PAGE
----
Bitcoin Hearn Paradox- With him, consensus is hard to reach, btc suffers. w/o him, consensus is easy to reach, bitcoin prospers.he can’t win
— Mike Komaransky (@mkomaransky) January 14, 2016
Speculation that the event was a media stunt has persisted into Friday, with popular posts on the subreddit r/Bitcoin attesting evidence to the minority view.
“The timing of the New York Times article, this policy panel, Mike Hearn’s Medium blog post, fits all too well,” one user wrote.
Of all the articles, perhaps the one given the most scrutiny was penned by Times reporter and “Digital Gold” author Nathaniel Popper.
Though a target for criticism by community members like Cody Wilson, Popper’s piece is perhaps one of the more balanced that emerged.
Despite flourishes, including a softly lit image, that are sympathetic to Hearn, the piece includes the most exposition on the block size debate, elaborating on Maxwell’s own difficulties as a leading figure in the bitcoin community and detailing former Bitcoin Core lead maintainer Gavin Andresen’s thoughts on the debate.
The report did give odd impressions using language that suggests, despite a global development community, the open-source project is only backed by “a handful of developers”, and interestingly did not include any commentary from members of Bitcoin Core or Blockstream, groups that have argued for approaches that stand in contrast to Hearn’s views on the project’s future.
Popper largely stayed away from Hearn’s technical analysis of the bitcoin protocol and mining network, as well as his selected quotes that aimed to portray still-anonymous bitcoin creator Satoshi Nakamoto as in favor of scaling the network for competition with more traditional payment networks like Visa.
In statements, bitcoin developer Eric Lombrozo said that evidence could be equally found that Nakamoto believed having multiple implementations of the bitcoin software would present challenges for developers given the network’s reliance on Consensus.
Still, he suggested the article perhaps did not do enough to portray the project as one that was responding to concerns, albeit slower than observers may want.
“Bitcoin Core has been working on this issue a lot…and we now have a way of deploying bigger blocks in a way that is backwards compatible and is practical and safe and can be rolled out soon,” Lombrozo told CoinDesk, adding:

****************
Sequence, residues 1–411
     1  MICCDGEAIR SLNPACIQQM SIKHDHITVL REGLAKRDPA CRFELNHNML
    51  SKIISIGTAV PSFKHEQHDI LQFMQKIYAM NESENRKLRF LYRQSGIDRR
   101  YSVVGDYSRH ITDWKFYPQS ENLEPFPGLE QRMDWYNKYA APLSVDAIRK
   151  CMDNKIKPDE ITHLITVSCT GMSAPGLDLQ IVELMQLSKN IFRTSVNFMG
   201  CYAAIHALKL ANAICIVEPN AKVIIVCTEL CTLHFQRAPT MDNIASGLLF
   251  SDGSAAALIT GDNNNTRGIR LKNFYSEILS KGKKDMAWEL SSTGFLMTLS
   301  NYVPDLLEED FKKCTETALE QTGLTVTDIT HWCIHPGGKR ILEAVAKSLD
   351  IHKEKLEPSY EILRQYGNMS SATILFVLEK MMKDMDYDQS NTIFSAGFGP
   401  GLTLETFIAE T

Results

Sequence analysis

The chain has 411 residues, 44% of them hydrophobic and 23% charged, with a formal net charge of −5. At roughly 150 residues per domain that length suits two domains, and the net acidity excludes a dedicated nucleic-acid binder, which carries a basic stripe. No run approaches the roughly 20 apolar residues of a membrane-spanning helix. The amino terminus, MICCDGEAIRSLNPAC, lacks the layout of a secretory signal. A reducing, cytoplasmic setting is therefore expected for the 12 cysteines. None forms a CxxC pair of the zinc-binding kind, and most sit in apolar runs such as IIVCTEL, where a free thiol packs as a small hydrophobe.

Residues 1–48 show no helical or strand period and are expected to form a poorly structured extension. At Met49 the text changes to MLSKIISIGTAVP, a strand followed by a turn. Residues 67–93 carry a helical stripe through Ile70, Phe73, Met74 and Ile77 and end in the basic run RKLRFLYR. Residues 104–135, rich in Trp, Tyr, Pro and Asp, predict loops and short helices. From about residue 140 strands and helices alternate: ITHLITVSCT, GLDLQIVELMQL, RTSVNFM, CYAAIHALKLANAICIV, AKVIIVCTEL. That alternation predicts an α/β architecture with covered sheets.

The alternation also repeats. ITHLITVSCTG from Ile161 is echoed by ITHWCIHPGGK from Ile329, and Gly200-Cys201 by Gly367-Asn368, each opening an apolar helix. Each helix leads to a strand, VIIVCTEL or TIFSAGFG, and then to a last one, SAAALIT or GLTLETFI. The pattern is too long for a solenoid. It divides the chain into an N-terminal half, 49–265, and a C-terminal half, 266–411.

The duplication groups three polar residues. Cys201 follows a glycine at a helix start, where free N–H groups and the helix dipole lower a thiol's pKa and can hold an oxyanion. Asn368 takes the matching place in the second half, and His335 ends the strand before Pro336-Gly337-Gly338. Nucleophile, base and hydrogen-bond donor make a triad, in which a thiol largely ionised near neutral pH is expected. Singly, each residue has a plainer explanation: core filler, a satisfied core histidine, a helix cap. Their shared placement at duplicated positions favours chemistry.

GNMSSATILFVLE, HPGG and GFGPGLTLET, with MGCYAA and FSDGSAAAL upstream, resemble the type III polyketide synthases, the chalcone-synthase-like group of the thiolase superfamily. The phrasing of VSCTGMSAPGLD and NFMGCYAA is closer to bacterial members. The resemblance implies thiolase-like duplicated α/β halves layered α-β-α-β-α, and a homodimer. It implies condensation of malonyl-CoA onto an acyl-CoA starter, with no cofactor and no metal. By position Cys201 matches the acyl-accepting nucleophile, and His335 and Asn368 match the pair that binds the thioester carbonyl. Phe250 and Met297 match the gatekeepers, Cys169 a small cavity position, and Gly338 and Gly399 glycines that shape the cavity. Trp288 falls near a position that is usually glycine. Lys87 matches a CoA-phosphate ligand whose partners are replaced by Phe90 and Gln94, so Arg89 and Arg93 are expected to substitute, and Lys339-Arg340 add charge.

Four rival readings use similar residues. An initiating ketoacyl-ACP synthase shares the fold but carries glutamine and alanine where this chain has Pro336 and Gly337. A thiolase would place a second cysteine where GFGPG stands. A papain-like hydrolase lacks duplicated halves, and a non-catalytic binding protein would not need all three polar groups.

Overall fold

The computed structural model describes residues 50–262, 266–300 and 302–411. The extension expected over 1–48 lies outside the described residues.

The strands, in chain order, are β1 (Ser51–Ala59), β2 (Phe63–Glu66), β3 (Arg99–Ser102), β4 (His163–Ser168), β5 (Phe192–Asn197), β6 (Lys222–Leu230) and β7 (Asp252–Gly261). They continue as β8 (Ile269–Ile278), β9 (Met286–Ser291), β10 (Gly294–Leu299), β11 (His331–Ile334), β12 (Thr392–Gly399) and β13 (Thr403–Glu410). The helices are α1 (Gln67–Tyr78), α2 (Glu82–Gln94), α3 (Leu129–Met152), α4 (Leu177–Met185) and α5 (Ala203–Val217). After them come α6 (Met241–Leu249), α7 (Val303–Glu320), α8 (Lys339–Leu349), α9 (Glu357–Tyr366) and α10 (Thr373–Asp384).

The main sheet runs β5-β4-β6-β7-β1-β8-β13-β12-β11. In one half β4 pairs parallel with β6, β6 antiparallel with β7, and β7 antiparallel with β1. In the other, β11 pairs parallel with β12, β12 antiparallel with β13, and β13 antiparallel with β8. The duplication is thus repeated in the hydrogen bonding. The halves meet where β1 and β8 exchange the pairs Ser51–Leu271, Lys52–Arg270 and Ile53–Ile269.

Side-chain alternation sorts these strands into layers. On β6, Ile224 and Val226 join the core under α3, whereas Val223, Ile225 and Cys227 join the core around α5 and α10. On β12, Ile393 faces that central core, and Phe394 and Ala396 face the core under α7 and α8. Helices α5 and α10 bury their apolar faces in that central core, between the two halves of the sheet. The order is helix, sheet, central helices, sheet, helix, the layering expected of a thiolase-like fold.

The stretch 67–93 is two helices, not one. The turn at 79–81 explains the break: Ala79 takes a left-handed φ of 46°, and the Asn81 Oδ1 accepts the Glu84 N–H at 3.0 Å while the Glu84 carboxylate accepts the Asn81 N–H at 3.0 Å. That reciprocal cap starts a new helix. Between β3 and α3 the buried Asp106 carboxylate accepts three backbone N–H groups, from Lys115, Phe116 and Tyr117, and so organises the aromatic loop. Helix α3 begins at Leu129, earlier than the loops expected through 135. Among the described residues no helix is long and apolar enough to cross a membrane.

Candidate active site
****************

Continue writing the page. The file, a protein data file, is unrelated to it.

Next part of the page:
“This will hopefully reduce hostilities in the future and allow for more implementations to enter the space peacefully.”
To many observers, coverage of the story also had a measurable impact on the price of bitcoin, which, as profiled by Newsweek, sank by as much as $50 before recovering in the wake of the news.
At press time, many smaller news outlets had seized on the story, with as many as 30 news outlets covering the blog post or its impact on the price.
As a sign of the story’s impact Financial Times reporter Izabella Kaminska issued her take, painting Hearn’s departure as evidence that a “rare voice of reason” had left the community.
Kaminska used the event to discuss her views on how bitcoin remains a system that will be unable to solve problems for the financial industry, or offer much outside of evidence of how social theory and economics can yield academically interesting results.
On Twitter, more tenured bitcoin community members offered a sympathetic take on Hearn’s post and its resulting publicity, seeking to highlight the project’s continued perseverance in the face of declarations that it will not succeed.
Best way to respond to all the drama in bitcoin is to focus. Buckle down, work, don’t get distracted. Engineering solves problems. Code On!
— AndreasMAntonopoulos (@aantonop) January 15, 2016
Still others thanked him for his work on the project and were amicable about what will surely be recorded as the community’s most high-profile and contentious departure to date.